Kerstin Hall interviews Jean Leggett for sub-Q.

Jean Leggett is co-founder and director of One More Story Games. She is situated in Canada and makes a lot of jokes about dumplings.

This interview took place over Skype.

Kerstin Hall: Let’s start with the basics. When was One More Story Games founded?

Jean Leggett: OMSG was founded in July 2013, incorporated in Dec 2013.

Kerstin: How have things been going so far?

Jean: Good. We’ve been bootstrapping the development of our engine this whole time – and we’re now in beta. The engine is only available for PC at the moment, but published games play in browsers, on Facebook, and on Android.

Kerstin: According to your website, at OMSG, story comes first. How do you make this a reality in practical terms?

Jean: Because we’re less focused on the graphics in the game, the focus naturally falls on the story. We’re not about building a platformer or puzzle game like Candy Crush. When you play one of our stories, you’ll see that narrative is central. We work with writers and game devs from all over the world to create story-driven games.

Kerstin: All over the world? Which countries have come up thus far?

Jean: France, USA, Germany, India, Thailand. They’re in various stages of development.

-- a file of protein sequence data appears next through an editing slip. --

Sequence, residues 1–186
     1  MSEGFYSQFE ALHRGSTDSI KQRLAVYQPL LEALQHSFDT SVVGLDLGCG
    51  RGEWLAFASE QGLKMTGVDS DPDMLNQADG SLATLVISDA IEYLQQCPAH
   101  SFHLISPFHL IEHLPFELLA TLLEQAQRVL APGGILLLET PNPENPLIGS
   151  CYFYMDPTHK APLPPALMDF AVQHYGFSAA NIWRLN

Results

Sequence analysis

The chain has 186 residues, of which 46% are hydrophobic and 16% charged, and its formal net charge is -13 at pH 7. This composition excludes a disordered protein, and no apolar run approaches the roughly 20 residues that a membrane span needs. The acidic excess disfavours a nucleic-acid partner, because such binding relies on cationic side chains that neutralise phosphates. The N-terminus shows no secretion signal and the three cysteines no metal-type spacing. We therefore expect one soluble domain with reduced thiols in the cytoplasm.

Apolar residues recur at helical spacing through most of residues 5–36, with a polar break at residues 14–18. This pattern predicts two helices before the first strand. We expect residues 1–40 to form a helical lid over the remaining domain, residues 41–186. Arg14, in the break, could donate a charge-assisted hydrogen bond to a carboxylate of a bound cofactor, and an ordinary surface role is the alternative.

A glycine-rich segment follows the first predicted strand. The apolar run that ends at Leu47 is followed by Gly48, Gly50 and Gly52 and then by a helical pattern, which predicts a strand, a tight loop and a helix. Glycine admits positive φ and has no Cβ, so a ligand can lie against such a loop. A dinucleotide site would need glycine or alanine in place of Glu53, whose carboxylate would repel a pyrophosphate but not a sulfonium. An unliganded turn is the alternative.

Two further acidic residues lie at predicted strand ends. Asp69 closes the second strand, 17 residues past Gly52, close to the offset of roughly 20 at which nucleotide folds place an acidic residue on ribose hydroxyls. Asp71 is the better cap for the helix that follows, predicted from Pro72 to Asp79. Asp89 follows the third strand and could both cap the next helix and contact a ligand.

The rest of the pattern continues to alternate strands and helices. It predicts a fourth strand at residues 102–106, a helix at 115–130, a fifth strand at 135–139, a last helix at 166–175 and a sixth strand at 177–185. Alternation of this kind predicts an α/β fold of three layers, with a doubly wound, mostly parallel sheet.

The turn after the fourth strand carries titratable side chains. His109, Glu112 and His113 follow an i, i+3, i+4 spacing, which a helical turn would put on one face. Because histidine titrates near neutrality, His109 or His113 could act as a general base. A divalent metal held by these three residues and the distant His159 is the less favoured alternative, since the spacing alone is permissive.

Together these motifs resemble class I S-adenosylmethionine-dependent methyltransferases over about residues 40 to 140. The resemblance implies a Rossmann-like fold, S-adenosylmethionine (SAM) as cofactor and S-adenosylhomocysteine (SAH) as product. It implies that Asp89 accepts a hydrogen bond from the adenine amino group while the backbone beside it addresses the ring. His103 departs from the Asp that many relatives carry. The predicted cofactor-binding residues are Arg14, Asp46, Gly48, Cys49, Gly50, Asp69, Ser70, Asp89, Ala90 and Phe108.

Kerstin: That must add such interesting dimensions to the work you publish.

Jean: We’re exceptionally passionate about diversity in games—we want people from many different cultures to share their stories on our platform. For example, I’m hard of hearing and my whole family is deaf. There’s never been a game with deaf characters as the central figures. We’re working to develop a game that is delivered entirely in ASL—American Sign Language. That’s a perspective in games that has never been available to date, but our engine makes it possible.

Kerstin: With the previous answer somewhat pre-empting this, what do you think is lacking in gaming currently, both in the mainstream and more generally?

Jean: Games are the most pervasive they’ve ever been—half of Canadians have played a game in the last four weeks, according to reports—and what’s missing is the diversity and focus on storytelling.

I think that waiting on big studios to deliver diverse stories is a mistake. Look at Hollywood. They’ve been around forever and it’s still very white, very male. Diversity is an issue.

Kerstin: As evidenced by the Oscars. I think there’s more pushback against normative frameworks in general. A productive environment?

Jean: Indeed. And games are an art form. People still think games are exclusively for 17-year-old boys, but the largest segment of consumers are women over 18. Plus, women over 30 are fast becoming the largest consumer base. So we think, based on reports and our own feedback, that women love stories and deserve better than Candy Crush (I’m on level 1494 or something).

I think that when we make tools available to storytellers with diverse backgrounds, we’ll start to see more diverse stories. I watched this great TEDtalk by a woman from the Nigeria. She talked about how, growing up, she read children’s books that were imported from the USA. She never saw Nigerian storybooks and thus never saw her culture represented in books. How tragic is that?

Kerstin: Was that “The Danger of a Single Story?” by Chimamanda Ngozi Adichie?

Jean: YES!


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